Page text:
Why I am Withdrawing from Phone-based Social Media

I have decided to uninstall all the social media apps from my phone.  I will retain Facebook, LinkedIn and Twitter accounts, changing the passwords to make sure they are only accessible from my computer, where I will look at them less.  I am deleting my WhatsApp account.  If anyone asks me in future to join something requiring social media I will politely decline, referring them to this article.  I am sorry if this causes inconvenience to any friends or groups I am involved in, but if you read on I hope you will appreciate why.

A couple of days ago I watched the film The Social Dilemma, which interviews people from Silicon Valley who helped to create social media and are now concerned about the monster they have unleashed.  I already knew the crux of their message – how the business model relies on creating addictive behaviour, to maximise the time people spend on each competing platform.   I was also aware of the mental health consequences of social media, particularly where it is used on phones that are always to hand.  My wife, who works in adolescent mental health, had told me about the consequences for adolescents, which are often far more serious.

Like many films of its kind, it overstates the cause-and-effect evidence in some places (the statement about social media reducing driving amongst young adults, I know is exaggerated because we did some research on this).  Social media is not the only cause of fake news, conspiracy theories or political polarisation.  That said, the main arguments and conclusions are supported by solid evidence.  Let’s face it, we all know that we are being manipulated in ways that are bad for us – and wider society.  I knew all this before I reluctantly succumbed to buying a smart phone three or four years ago.  I told myself that I would never use one for social media, so how did I get sucked in?

Activism was the main cause.  Extinction Rebellion, being such a diverse movement, uses a bewildering array of communication methods.  Since I joined two years ago I have used seven different social media or messaging platforms and signed in and out of many email lists. Within each one of these platforms there are often multiple channels generating a combined volume which no-one could possibly read, if they work and want a life.   Two of these channels relate to the campaign against Bristol Airport Expansion.  These groups are doing fantastic work, which I want to support, but I realised that trying to keep up with those channels, as well as everything else, was making me feel guilty that I wasn’t doing more.  Guilt and fear of being left out are vital elements of the business model pushing us to accept our own manipulation.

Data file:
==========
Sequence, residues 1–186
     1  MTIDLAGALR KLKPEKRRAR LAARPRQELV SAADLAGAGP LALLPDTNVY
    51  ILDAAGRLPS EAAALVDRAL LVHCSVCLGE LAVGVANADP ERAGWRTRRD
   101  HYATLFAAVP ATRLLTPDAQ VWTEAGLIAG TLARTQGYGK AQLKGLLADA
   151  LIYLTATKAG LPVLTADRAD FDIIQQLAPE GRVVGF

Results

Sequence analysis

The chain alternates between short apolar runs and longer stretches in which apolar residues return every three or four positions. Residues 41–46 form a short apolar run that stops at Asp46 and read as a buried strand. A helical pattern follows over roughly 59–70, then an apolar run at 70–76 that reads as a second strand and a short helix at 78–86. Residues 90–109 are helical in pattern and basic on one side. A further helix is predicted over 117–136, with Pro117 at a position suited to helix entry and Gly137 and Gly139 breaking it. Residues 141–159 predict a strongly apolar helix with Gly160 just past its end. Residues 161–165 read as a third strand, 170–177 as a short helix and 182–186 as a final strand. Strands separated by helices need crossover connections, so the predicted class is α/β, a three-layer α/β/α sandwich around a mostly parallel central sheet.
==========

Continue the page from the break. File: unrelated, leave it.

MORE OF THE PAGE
Since the start of the pandemic I (like many others) have started using the ‘social’ part of social media much more.  I had already noted the early signs of addiction: constant checking, irritation when somebody (usually my wife) was interrupting me doing something on the phone, impulsive urges to check things or to photograph and post online when cycling or walking in wild places.  I already knew about the dopamine effect of social media; I started to wonder whether this was reducing my concentration and contributing to the boredom and ‘flatness’ I had been feeling since the first lockdown.

I have been out a couple of times without the phone.  To begin with I found myself reaching for it until I got used to the fact that it wasn’t there.  On the second day I began to appreciate the natural world a bit more like I used to.

But here’s the problem.  I bought a smart phone for practical reasons like public transport information, weather and local facilities.  If you like walking in remote areas without a car, all of this is extremely useful.  So it possible to retain the practical advantages of a phone without the addictive/manipulative elements? I don’t know how well this strategy will work, but it has to be worth a try.  I had Facebook and LinkedIn accounts for many years before I bought a smart phone.  They can also be useful but I know that I won’t check them very often.  If you want to contact me, please email, text or call.

Two Views on why the Left Keeps Failing

This Land – the Story of a Movement, Owen Jones. 2020, Allen Lane.

The Road to Somewhere: The New Tribes Shaping British Politics, David Goodhart, 2017, Penguin.

Sometimes, reading two books together conveys something more than each of them separately.  Amongst the many things I have read during the long nights of lockdown, I happened to read two such books: This Land by Owen Jones and The Road to Somewhere by David Goodhart.  Read together, these two contrasting books provide great insight into the problems afflicting British public life, and the political left in particular.